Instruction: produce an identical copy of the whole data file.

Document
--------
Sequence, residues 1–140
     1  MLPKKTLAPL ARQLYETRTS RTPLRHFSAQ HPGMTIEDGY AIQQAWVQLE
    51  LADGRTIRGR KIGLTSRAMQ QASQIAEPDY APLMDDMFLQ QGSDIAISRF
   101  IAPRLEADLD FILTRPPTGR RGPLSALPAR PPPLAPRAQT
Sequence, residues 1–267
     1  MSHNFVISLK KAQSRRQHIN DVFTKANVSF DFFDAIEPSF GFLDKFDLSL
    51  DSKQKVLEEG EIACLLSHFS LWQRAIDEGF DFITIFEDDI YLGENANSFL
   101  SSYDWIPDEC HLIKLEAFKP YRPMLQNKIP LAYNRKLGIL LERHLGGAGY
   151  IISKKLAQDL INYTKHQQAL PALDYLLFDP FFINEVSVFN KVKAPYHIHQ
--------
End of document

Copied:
Sequence, residues 1–140
     1  MLPKKTLAPL ARQLYETRTS RTPLRHFSAQ HPGMTIEDGY AIQQAWVQLE
    51  LADGRTIRGR KIGLTSRAMQ QASQIAEPDY APLMDDMFLQ QGSDIAISRF
   101  IAPRLEADLD FILTRPPTGR RGPLSALPAR PPPLAPRAQT
Sequence, residues 1–267
     1  MSHNFVISLK KAQSRRQHIN DVFTKANVSF DFFDAIEPSF GFLDKFDLSL
    51  DSKQKVLEEG EIACLLSHFS LWQRAIDEGF DFITIFEDDI YLGENANSFL
   101  SSYDWIPDEC HLIKLEAFKP YRPMLQNKIP LAYNRKLGIL LERHLGGAGY
   151  IISKKLAQDL INYTKHQQAL PALDYLLFDP FFINEVSVFN KVKAPYHIHQ